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The US military might shut down Pokémon Go. At least, temporarily.

Exercise Red Flag, an advanced aerial combat training exercise executed by the US Air Force, is in full swing, and this year’s training is on a larger scale than usual. As a result, the training is causing some areas to have a GPS blackout—which is exactly what Pokémon Go uses to run.

Part of exercises are meant to specifically test how well pilots can function when GPS systems are jammed and to test out systems that may be used as a backup, according to The Drive. This means that you shouldn’t panic if GPS suddenly goes down, since it’s likely part of a planned maneuver. GPS also should only be down for a short time, not one continuous outage.

Pokémon Go uses GPS to determine each players’ location and let the game know whether a player is close to a Pokémon, how much distance they’ve traveled to hatch eggs, and whether they’re near anything like a Gym or a Poké Stop. While this means that most of the game’s functions could be down during testing, players should still be able to buy items, check their Pokémon, and transfer away ones they don’t want—basically, everything in the game that doesn’t depend on your location.

The main areas affected will be those near the Nevada Test and Training Range, though effects may be seen as far as California, Nevada, Oregon, Wyoming, Arizona, Utah, Colorado, Montana, and New Mexico. Testing is expected to go until mid-February.

 

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Source: The Drive

About Emma Schaefer

view all posts

Emma’s early gaming was mostly done in secret, as the only gamer in a family of normal people. She still retains skills from this dark period in her life, such as the ability to teleport instantly across the house away from the computer, and holds a gold medal in the Olympic sport of “Hide the Gameboy.” Sorry, Mom, now you know. Find her on Twitter @Emma4EGM

The US military might (temporarily) shut down Pokémon Go

Pokémon Go may be non-functional for a time due to testing by the US military.

By Emma Schaefer | 01/30/2018 04:00 PM PT | Updated 08/15/2018 01:57 PM PT

News

The US military might shut down Pokémon Go. At least, temporarily.

Exercise Red Flag, an advanced aerial combat training exercise executed by the US Air Force, is in full swing, and this year’s training is on a larger scale than usual. As a result, the training is causing some areas to have a GPS blackout—which is exactly what Pokémon Go uses to run.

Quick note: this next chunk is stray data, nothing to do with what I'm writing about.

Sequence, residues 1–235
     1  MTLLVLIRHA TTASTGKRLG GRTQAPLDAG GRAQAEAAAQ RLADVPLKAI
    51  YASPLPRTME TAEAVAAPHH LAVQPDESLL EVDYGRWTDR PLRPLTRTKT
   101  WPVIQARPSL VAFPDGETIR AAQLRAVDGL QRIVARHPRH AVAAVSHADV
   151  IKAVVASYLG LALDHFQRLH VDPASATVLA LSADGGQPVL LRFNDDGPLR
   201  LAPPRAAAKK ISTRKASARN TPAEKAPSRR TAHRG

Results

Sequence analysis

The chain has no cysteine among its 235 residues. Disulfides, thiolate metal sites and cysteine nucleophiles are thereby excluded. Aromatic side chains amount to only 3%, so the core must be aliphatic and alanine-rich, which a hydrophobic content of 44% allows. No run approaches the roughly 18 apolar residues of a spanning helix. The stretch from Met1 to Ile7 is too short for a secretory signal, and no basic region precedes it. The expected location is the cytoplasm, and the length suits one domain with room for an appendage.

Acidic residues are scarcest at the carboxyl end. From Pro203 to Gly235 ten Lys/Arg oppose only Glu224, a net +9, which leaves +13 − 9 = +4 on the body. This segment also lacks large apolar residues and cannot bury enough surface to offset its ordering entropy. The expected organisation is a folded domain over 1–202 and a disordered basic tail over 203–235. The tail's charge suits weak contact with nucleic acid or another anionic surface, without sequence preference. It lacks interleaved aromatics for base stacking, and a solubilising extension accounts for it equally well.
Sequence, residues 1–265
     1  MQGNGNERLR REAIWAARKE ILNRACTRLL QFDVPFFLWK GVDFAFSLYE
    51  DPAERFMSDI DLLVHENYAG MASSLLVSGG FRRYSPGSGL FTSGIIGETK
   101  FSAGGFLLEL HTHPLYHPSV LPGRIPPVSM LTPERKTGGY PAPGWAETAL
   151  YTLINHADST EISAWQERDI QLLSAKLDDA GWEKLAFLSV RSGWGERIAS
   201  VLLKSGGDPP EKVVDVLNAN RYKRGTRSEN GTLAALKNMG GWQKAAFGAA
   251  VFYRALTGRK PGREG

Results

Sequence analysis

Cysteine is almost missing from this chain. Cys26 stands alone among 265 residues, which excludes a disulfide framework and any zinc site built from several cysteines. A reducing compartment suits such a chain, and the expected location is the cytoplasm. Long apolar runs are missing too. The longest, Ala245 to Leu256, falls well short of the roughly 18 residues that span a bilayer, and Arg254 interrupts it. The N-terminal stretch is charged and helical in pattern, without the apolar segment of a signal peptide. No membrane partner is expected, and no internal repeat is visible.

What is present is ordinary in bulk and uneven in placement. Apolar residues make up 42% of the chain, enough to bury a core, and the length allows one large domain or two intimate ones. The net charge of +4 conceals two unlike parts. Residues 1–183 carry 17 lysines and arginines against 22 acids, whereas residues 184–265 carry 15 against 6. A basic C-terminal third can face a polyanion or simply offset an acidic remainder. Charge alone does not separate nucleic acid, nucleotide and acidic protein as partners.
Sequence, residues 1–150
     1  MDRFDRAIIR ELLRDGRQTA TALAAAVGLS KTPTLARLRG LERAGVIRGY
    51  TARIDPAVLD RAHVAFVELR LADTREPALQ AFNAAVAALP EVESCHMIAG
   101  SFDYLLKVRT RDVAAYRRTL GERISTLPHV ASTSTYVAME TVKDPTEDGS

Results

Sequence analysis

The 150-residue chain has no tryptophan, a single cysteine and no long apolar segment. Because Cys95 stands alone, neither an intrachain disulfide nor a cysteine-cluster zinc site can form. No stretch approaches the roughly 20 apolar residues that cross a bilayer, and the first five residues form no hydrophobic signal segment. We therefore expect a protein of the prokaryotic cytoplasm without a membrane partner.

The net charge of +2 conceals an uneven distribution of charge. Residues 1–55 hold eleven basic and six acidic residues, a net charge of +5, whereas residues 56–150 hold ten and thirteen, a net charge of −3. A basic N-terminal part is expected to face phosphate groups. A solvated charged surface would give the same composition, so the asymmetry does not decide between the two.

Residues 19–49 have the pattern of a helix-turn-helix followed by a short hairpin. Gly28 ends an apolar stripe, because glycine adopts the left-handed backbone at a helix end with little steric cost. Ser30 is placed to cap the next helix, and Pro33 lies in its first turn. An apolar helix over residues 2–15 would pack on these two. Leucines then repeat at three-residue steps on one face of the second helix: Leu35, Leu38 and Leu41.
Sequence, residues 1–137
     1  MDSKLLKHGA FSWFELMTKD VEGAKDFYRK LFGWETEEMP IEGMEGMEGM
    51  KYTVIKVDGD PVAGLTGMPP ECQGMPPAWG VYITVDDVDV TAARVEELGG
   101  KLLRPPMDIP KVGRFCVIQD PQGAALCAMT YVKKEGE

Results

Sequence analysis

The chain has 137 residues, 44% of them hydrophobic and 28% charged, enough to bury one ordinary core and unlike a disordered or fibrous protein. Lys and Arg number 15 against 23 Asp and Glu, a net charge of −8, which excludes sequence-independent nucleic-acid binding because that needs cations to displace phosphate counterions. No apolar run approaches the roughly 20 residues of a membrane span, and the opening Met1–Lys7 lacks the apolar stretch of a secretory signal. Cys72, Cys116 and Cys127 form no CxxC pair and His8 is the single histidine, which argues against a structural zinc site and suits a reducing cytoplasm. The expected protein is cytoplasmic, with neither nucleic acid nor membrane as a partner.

Part of exercises are meant to specifically test how well pilots can function when GPS systems are jammed and to test out systems that may be used as a backup, according to The Drive. This means that you shouldn’t panic if GPS suddenly goes down, since it’s likely part of a planned maneuver. GPS also should only be down for a short time, not one continuous outage.

Pokémon Go uses GPS to determine each players’ location and let the game know whether a player is close to a Pokémon, how much distance they’ve traveled to hatch eggs, and whether they’re near anything like a Gym or a Poké Stop. While this means that most of the game’s functions could be down during testing, players should still be able to buy items, check their Pokémon, and transfer away ones they don’t want—basically, everything in the game that doesn’t depend on your location.

The main areas affected will be those near the Nevada Test and Training Range, though effects may be seen as far as California, Nevada, Oregon, Wyoming, Arizona, Utah, Colorado, Montana, and New Mexico. Testing is expected to go until mid-February.

 

Read More

Source: The Drive



About Emma Schaefer

view all posts

Emma’s early gaming was mostly done in secret, as the only gamer in a family of normal people. She still retains skills from this dark period in her life, such as the ability to teleport instantly across the house away from the computer, and holds a gold medal in the Olympic sport of “Hide the Gameboy.” Sorry, Mom, now you know. Find her on Twitter @Emma4EGM